Nearly six months after the civil war in Liberia, I entered the University of Liberia as a freshman and chose chemistry as my major, a decision I had made some years back when I was in high school. I still had fresh memories of the war, though the mental trauma did not live with me that long.
The University was partially damaged; including the Department of Chemistry, where essential text books, chemicals, laboratory equipment, computers, etc. were damaged or taken away.
Since then, the University of Liberia, particularly the Department of Chemistry, has remained aloof from the academic, social, and scientific advancement in our contemporary world and has fitted me/us into an unjust and joyless struggle for education, which of course is of low quality.
I considered all these conditions as hindrance to my studies but I could not and still cannot divorce myself from the science of chemistry because of the natural interest I have built in it over the years. I receive many bizarre remarks from friends, relatives, and teachers, including the dean of my department, about studying chemistry. My dean always expresses an indifferent attitude toward chemistry students. There is only one teacher who usually encourages me to persevere and afterward says, "The consumer bears the weight," which is somehow logical. Most of my colleagues who could not withstand the tension have changed colleges or majors on grounds that studying chemistry or any of the sciences in Liberia, they say, is a waste of time, resources, and energy.
Currently, according to my college, I am a junior student with respect to the three years I have spent and not considering the number of course credits I have done as it should be. This is obvious since I had to escape few courses or receive an incomplete grade due to the following reasons: 1) the unavailability of qualified teachers, 2) the lack of the requisite textbooks and supplements, and 3) very poor laboratory works or exercises, which are highly below standard. Nobody’s safety is guaranteed in the lab. There are no safety materials, including goggles, lab aprons, gloves, nose caps, etc. Sometimes chemical shortage cannot allow a particular course to be offered or continued. For instance, I am presently taking a course in chemistry that is quantitative and requires many laboratory exercises but unfortunately, the lack of chemicals has become a major cause for us not conducting any of the fifteen experiments necessary to complete the course. The choice is mine, whether to redo the course at a suitable time (when?) or depend on the classroom lecture to forge ahead. Many problems cannot easily be explained.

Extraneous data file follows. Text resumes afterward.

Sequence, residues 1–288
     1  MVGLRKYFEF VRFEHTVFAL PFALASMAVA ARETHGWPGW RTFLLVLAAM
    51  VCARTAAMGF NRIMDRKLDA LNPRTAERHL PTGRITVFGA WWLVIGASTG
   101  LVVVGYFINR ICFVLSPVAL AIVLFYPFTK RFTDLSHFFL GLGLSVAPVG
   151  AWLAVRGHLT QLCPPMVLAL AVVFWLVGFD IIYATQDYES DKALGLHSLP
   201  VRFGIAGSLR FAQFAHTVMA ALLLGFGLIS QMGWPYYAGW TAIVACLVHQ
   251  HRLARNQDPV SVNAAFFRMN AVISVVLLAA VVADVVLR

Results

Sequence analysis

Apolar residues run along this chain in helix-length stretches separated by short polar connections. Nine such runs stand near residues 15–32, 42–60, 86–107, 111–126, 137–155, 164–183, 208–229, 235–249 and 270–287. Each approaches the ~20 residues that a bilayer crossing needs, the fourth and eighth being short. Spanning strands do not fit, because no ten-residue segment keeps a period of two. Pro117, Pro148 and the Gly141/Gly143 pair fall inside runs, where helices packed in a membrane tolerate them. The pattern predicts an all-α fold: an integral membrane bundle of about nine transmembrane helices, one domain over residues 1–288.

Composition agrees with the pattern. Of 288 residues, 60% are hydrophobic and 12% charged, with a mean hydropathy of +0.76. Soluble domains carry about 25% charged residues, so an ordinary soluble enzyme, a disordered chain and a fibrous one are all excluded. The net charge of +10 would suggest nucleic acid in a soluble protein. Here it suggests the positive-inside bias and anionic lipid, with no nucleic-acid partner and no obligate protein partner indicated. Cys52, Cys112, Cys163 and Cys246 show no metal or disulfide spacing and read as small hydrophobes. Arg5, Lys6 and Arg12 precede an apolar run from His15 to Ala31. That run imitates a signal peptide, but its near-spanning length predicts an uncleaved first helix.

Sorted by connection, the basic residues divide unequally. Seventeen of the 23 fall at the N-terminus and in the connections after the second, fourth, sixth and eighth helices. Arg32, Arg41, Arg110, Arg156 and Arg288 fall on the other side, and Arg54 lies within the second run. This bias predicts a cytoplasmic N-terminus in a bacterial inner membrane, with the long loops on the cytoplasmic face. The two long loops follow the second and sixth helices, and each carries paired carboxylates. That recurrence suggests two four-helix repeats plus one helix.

Despite the adverse circumstances, I have become accustomed to the hardships and frustrations I encounter every semester. Moreover, a friend who provided me with textbooks, which of course without, serves as a major impediment to a successful university education, has blessed me. This friend was very sensitive to my plight as a student when she paid a visit to Liberia in 2006. My colleagues and I including some of my teachers use those textbooks. It is a blessing to have them.
We have a chemistry student organization, CHEMUSA, that has been working assiduously to find a remedy to some of these problems we are presently faced with but our deans have refused to hear our cry. All the efforts we have made in seeking local support have been blocked and some benefits that are sent to chemistry students through the chemistry department rest in the hands of some selfish and heartless individuals who do not regard us as students.
How can we get assistance in this part of the world? This is the question that can only be answered by any would be supporters. If one could imagine getting assistance from US students or students from any other country to students in less fortunate situation like ours, it would be a great thing to see happening and such assistance will be fruitful only if it is passed directly through the hands of the students to be assisted.
Finally, let me say that the better the facilities at the University of Liberia are, the better I can do good chemistry and the more joy I will find in my studies and the better educated we are, the lesser our problems become.


WWG said…
Hi, good blog :)
Look from Quebec Canada

WWG :)

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